leave here next Saturday for a two weeks' trip
of inspection on the Island of Mindanao. The
trip seems to indicate that no immediate move
ment of troops to China is expected.
The Chinese in Manila, believing that trouble Is
Imminent, are limiting their business contracts
to their countrymen in China. Advices received
her» by Chinese say that an outbreak against
foreigners will begin on February 24.
Secretary Denies That He Supported
Walsh in Quarry Deal.
[By Telegraph to Th» Tribunal
Cleveland. Feb. 21.— Secretary Shaw of the Treas
ury Department to-day sent a letter to Peter Witt,
City Clerk. In reply to the charges of graft made
by the latter last week in a letter to President
Roosevelt. Th** charges were made in connection
with the. seUetlon of material for the federal build-
Ing now being built here. Secretary Shaw says:
The statement Is wholly false, and your authority
must have known it was false. He must have
kn<iwn that the use of sandstone was demanded
by the Central Labor Union of your city, and a pe
tition therefor was signed by more than twenty
thousand of Its members. •
I did not even know that John It. alsh -was la
any manner interested in the sandstone quarry. I
demand the name of the person who gave you any
such information. You must quit traducing public
officials. Mr. Witt, or make good your, charges.
Witt recently wrotn a letter to President Roose
velt In which he charged that Secretary Shaw had
supported John R. Walsh, of Chicago, the financier
and quarry owner, in the contest lor a sandstone
public building in Cleveland.
Witt say* he oar not name his Informant without
betraying a confidence, 'out will undertake to "put
It up to Secretary Shaw 30 straight he can't git
away from it."
Inmates of Vermont Penal Institu
tions Testify Before Commission.
[By Telegraph, to The Tribune.]
Rutland. Vt.. Feb. 21.— The special commis
sion appointed some time ago by Governor C. J.
Bell to investigate the penal Institutions of the
<Mt<» held an adjourned session at the House
of Correction In this city to-day. P. B. Petrtt\
a former prisoner, described the punishment ad
ministered to some of the prisoners for alleged
trivial offences. He told of prisoners being com
pelled to work when they were not able and
said that sick men were often refused medical
attention. John F. McGutrk. a two year prison
er testified that men wen sometimes put in tha
dungeon for ten days at a time and made to sub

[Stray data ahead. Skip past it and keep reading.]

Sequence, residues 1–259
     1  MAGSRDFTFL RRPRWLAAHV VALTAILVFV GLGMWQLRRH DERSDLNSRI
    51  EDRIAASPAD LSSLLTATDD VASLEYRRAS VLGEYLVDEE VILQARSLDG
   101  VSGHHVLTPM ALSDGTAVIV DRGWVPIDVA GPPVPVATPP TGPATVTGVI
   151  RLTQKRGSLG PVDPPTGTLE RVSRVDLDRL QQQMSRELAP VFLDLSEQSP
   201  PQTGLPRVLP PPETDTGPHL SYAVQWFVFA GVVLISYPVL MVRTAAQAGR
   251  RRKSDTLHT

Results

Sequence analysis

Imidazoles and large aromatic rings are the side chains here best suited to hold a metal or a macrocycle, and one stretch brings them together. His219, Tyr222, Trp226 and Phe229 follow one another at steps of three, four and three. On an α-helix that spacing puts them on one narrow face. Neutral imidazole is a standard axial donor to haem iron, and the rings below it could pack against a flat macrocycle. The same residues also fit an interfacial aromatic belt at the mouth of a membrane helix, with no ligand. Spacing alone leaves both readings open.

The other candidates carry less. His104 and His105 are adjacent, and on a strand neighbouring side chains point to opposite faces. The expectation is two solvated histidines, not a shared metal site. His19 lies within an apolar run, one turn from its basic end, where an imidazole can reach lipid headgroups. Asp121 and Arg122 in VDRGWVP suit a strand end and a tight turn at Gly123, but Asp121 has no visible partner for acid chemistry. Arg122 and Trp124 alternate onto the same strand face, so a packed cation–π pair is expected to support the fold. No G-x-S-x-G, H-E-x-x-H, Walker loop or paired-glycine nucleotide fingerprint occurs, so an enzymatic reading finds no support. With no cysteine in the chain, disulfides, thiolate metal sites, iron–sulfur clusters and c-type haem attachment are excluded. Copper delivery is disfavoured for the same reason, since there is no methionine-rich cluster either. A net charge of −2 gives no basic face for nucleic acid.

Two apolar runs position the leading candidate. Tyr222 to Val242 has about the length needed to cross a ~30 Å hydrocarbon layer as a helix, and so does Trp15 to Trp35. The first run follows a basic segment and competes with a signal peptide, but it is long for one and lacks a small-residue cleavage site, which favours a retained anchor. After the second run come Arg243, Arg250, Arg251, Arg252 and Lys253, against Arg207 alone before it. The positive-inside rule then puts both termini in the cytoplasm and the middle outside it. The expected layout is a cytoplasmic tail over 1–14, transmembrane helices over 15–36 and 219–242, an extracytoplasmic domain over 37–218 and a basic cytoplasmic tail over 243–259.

gist on bread and Water and sleep, on the bare
»',,,, r
P.trle testified that in V.*H he had been se
verely punished for writing a letter of complaint
to J X \Voodfln, president of the Board of
Prison Directors. Th- letter was produced by
Attorney General C. C. Pitts. The remainder of
the testimony was alone: the same line.
Had Lively Tussle with Property Owners
Who Tried to Hold Him Up.
Hempstead. Long Island. Feb. 21.— August
Belmont to-day purchased L.owden'B Lake, ad
joining his estate here. Around the lake are
handsome trees, and the land will lend Itself to
landscape gardening 1 .
For several years attempts have been made
by owners of adjoining properties to compel
Mr. Belmont to purchase their land A3 a
means to this end negro tenants Were placed
in houses near the Belmont property, and their
ash dump was so situated that paper and other
light waste were blown upon Mr Belmonfa
Mr. Belmont brought this nuisance to th» at
tention of the Board of Health, and the negroes
were ordered to move. Later Mr. Belmont
bought moat of the property at his own price,
but. considering th« price aaked for the adjoln
lns land excessive, h<» refused to purchase.
Lately the pond changed hands and wag offered
at a reasonable price, which he accepted.
fßy Telesrarh to Th« Tribune )
Omaha. Feb. 21. — Ellsworth Defranca has been
released from rrlson at Sioux r'ulls after twelve
years confinement. P«? franca robbed a Nebraska
mall carrier and obtained only 1 cent. Me
was sentenced to '.if Imprisonment. .-»t,i»-nt
McKlnley commuted this to fifteen year*, and
good behavior cut off three years, lie waa
eighteen years old' when sentenced.
St. Thomas. D. W. 1.. Feb. 21 —Another very
severe earth ahook was felt at noon to-day on
the British West Indian Island of St. Lucia.
Plight shocks have been felt there at frequent
Intervals atnee February 10.
Thehaud and Raymond Plan Counter
Suits Against M 111 1 d
William G. Chaste. D. Tarty Herrtck. Jarne<? B.
r>tll and Fainbridsje Colby, counsel to th<* Tr'ies
dale committee of the Mutual Llf*. bar* sub
mitted their resignations to William H. Tru?s
dale. While Samuel rnf»rmy-r, a.'* well as men
do*** to th«» rornrnlttp**. rt*»nl»vl y»st"r''ay thnt 2lr.
Tru«»sda!** hart off^rpf! th« post of counsel to llr.
T"nt*>r tt was p-rslst^ntly r*»porte«l that the
latter had refusod such an offer.
It U safd that J^hn S. Whw and John S. Wise,
jr.. are row «>ns;ag<»<l In framing counter suit*
against the Mutual Life f<~>r money alleged to bo
due to Louis A. Thebnud and Charles H. Ray
mond under thfir contracts.
A member of the Armstrong legislative in
surance committee said last night that tha
committee hope.i to submit Its report to tho
legislature to-day, but was not at all certain